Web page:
Cookstoves in Africa
Almost 3 billion people in the world cook daily over an open fire or on simple wood or charcoal stoves. The charcoal or wood that is used releases toxins, smoke and greenhouse gases such as CO2 and methane, both of which are responsible for climate change. Almost 2 million people die annually from sicknesses that are caused by breathing in smoke in their houses. Looking for wood, inefficient cooking and health problems take away from other household tasks, work outside the house and/or raising children. Children need to help out in the house instead of going to school.
In Africa, 94% of rural households cook over an open fire; in urban areas they cook on inefficient charcoal stoves. This leads to a lot of deforestation and climate change. Deforestation means that the soil loses the ability to retain water, which causes erosion. This has a negative effect on agriculture. Poor families in Africa spend up to 15% of their income on charcoal or wood. Searching for wood themselves costs about 6 hours per day, time that cannot be spent on paid work. All of these factors make the poverty in Africa worse.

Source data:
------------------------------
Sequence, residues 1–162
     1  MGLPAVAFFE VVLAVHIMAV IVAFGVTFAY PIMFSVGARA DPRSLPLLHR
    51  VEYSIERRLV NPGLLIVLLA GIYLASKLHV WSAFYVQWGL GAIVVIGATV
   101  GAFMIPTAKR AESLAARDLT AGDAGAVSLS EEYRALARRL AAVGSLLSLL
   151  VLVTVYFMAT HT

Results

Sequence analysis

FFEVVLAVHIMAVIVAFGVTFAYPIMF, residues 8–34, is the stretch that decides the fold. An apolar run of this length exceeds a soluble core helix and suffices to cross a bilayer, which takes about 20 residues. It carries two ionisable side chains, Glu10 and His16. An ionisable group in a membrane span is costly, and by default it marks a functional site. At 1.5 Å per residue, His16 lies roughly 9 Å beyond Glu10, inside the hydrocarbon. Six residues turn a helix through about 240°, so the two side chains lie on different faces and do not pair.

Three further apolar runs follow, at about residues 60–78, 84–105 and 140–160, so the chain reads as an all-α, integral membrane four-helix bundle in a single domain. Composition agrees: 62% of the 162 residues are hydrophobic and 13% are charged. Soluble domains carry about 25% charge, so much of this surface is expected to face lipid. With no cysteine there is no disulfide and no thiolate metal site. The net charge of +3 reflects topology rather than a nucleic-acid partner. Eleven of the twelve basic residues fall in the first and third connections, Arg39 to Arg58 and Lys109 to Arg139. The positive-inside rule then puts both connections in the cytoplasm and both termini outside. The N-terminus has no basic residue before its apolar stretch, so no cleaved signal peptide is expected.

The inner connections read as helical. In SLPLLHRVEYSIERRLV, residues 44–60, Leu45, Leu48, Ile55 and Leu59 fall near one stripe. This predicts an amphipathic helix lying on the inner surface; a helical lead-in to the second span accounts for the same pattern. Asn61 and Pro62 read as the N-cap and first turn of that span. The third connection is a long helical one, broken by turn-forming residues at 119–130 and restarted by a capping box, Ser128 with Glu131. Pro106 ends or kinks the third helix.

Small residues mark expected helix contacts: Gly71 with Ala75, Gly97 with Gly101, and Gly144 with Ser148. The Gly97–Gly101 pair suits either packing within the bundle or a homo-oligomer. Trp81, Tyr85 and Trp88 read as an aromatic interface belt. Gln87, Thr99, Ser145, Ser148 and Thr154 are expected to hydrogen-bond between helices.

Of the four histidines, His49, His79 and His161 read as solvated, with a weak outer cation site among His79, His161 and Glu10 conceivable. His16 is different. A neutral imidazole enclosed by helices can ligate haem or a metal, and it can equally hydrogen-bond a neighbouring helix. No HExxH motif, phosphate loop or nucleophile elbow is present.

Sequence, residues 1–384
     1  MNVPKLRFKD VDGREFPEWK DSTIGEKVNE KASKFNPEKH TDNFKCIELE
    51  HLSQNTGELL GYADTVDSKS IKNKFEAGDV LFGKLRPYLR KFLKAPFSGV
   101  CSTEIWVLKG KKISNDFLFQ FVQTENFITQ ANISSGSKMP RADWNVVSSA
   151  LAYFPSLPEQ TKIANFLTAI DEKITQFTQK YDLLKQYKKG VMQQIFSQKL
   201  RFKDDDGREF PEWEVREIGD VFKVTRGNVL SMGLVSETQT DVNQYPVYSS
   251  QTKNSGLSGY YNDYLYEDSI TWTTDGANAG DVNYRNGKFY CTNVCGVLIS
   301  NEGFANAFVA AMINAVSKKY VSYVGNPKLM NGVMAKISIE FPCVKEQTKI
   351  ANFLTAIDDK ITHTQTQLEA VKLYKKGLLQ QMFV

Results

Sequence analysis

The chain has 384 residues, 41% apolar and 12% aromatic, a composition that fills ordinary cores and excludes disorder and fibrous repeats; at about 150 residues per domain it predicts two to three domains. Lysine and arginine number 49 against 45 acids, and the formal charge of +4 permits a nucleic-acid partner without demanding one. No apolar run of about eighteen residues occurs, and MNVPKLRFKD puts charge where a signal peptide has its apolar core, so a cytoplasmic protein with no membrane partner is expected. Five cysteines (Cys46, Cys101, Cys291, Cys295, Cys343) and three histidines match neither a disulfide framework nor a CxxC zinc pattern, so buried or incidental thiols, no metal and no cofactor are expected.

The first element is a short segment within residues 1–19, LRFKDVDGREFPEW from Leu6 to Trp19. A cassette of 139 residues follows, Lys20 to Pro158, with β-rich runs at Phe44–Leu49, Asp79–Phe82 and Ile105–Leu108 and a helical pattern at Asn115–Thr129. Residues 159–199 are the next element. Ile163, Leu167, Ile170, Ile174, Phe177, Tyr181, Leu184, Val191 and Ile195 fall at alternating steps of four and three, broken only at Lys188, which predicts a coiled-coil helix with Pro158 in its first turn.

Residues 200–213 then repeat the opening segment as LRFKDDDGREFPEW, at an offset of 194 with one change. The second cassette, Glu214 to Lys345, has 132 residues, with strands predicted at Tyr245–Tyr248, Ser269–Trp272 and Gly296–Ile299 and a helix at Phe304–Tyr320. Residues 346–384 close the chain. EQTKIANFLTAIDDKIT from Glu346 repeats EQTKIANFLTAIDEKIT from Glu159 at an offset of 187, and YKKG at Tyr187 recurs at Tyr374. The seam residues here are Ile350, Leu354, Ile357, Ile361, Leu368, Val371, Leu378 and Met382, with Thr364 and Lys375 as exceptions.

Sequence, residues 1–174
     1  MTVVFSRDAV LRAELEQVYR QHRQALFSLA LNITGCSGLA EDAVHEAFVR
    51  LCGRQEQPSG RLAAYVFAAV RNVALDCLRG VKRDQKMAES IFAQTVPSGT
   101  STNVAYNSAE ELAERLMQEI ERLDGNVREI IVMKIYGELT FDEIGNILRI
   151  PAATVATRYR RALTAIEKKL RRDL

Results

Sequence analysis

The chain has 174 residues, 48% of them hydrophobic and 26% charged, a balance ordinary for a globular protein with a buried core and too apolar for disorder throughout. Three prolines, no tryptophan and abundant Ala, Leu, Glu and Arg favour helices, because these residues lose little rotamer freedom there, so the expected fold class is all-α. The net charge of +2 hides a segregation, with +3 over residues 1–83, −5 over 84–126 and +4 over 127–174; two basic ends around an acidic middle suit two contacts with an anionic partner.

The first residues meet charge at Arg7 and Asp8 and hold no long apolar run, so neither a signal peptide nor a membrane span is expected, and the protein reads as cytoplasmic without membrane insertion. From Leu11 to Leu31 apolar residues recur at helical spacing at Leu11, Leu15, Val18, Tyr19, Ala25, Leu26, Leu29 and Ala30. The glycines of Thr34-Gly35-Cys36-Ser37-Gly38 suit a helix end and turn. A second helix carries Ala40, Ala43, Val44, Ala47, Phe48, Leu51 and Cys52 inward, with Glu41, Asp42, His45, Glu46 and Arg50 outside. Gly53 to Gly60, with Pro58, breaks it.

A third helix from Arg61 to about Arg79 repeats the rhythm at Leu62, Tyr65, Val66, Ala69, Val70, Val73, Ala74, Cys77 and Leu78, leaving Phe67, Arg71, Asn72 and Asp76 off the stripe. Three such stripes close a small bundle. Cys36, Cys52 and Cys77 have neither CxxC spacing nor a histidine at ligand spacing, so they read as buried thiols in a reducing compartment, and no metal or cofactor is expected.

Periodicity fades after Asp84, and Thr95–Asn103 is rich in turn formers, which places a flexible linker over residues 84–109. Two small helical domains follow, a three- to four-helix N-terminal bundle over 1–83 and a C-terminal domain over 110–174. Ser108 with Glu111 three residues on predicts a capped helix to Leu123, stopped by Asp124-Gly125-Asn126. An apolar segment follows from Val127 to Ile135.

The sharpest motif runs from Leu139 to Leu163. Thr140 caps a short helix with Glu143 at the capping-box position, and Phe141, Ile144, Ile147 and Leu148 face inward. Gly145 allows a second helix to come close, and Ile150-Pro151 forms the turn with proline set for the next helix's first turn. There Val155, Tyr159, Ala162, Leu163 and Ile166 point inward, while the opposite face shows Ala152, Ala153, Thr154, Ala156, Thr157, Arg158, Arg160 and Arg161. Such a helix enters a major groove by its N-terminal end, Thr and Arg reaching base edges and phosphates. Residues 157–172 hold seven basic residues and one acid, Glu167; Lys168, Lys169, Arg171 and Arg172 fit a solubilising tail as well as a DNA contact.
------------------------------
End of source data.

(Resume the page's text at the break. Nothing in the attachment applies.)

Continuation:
The Stove Project
This project has the goal of fighting climate change and helping improve the lives of the local people. In cooperation with locals, efficient charcoal stoves have been developed and made accessible to the poorest households. The production and sale of these stoves takes place all over Uganda. The project now supports a large network of local entrepreneurs in setting up a sustainable supply chain and increasing profits. There are regular marketing campaigns carried out to create awareness and stimulate demand for the efficient charcoal stoves. Income from the sale of CO2 credits is invested in the project to upscale it and give more people access to the stoves.
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